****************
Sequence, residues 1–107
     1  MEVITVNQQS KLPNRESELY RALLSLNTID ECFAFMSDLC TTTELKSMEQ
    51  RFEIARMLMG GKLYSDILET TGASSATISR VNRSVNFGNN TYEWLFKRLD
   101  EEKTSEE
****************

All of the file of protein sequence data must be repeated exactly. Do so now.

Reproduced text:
Sequence, residues 1–107
     1  MEVITVNQQS KLPNRESELY RALLSLNTID ECFAFMSDLC TTTELKSMEQ
    51  RFEIARMLMG GKLYSDILET TGASSATISR VNRSVNFGNN TYEWLFKRLD
   101  EEKTSEE